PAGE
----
Acton Institute Powerblog Archives

Post Tagged 'family'

Ben Sasse on Christian witness in an age of disruption

In an age of continuous economic disruption and social fragmentation, what can possibly hold society together? Many are quick to turn to politics for such answers, pushing for increased price controls, trade barriers, and subsidies to prevent or mitigate the effects of such change. Continue Reading...

Vocation vs. occupation: 4 callings in the Christian life

Is there a difference between “vocation” and “occupation”? The term “vocation” comes from the Latin, “vocare” – to call or receive a call. For almost two millennia in Christian-influenced communities and cultures, vocation referred to a religious calling: a monastic order, missionary work or parish labor. Continue Reading...

Why the Market Needs the Family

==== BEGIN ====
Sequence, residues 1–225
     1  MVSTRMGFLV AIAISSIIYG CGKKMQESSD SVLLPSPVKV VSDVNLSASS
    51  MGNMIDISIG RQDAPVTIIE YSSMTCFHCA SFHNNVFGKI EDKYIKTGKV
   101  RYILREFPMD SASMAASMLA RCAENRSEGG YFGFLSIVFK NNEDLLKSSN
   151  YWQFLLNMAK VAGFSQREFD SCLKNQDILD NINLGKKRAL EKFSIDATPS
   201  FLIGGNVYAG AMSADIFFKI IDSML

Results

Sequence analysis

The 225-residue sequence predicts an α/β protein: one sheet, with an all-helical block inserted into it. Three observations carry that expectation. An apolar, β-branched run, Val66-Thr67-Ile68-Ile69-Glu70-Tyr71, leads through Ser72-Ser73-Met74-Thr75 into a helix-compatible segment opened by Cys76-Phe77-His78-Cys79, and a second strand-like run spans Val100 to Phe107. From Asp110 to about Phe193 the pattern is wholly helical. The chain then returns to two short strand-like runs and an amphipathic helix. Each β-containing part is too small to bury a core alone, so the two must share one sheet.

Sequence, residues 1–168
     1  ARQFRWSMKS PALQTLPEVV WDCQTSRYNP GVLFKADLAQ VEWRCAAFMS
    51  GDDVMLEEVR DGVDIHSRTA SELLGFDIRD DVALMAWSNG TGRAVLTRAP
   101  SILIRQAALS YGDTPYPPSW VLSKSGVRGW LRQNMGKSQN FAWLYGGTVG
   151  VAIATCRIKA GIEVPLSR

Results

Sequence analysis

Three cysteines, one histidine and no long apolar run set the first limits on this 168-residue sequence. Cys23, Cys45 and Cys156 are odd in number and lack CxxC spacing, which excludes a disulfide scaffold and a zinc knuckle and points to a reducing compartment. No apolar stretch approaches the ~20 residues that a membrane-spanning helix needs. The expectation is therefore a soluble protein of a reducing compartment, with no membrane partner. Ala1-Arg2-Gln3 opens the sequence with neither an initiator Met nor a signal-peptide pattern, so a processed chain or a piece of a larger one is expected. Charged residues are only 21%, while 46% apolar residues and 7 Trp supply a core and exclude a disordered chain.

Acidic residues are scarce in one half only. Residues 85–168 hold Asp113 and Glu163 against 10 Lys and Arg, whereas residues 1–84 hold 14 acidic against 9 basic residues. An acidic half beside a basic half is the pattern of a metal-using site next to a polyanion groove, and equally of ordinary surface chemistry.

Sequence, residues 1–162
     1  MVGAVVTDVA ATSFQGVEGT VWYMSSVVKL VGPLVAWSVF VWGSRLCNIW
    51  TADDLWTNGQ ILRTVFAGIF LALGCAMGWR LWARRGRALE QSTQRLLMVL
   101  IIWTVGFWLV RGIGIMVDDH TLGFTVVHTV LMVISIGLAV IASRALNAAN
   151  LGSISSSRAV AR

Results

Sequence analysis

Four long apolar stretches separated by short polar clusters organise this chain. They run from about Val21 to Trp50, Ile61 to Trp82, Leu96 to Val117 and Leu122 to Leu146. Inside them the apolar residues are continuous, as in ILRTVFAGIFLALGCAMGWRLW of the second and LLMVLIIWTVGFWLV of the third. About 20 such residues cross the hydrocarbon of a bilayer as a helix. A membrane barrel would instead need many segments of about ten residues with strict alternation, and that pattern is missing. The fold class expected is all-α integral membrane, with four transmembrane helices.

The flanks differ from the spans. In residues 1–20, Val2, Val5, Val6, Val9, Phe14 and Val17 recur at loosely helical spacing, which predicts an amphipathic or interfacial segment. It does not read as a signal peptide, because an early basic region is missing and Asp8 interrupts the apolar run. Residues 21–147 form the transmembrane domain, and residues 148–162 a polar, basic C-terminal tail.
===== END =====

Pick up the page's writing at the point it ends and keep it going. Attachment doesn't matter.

The Family & the Market, an Acton University lecture by Jennifer Roback Morse, uses Christian theology and logic to illustrate unique connections between seemingly unrelated aspects of society, at least to the secular world. Continue Reading...

Lessons on Christian Vocation from ‘Chewbacca Mom’

“It doesn’t matter how talented, how anointed, how gifted, how passionate, or how willing you are if you’re not fit to do the things that God has called you to do.” –Candace Payne Candace Payne, now widely known as “Chewbacca Mom,” became an internet sensation thanks to a spontaneous video in which she joyfully donned a toy mask of the beloved Wookiee. Continue Reading...

The Despotic Reign of Fear

Yesterday was both Star Wars Day (May the Fourth) and the day that Donald Trump became the presumptive presidential nominee for the Republican party. I reflected on the confluence of these two phenomena in a short essay on what Mr. Continue Reading...

Joy for the World: Restoring the Joy of God to Cultural Witness

Over the last century, Christianity has declined in social influence across much of the Western world, leading many to believe it has little place or purpose in public life. In response, Christian reactions have varied, with the more typical approaches being fortification (“hide!”), domination (“fight!”), or accommodation (“blend in!”).  Continue Reading...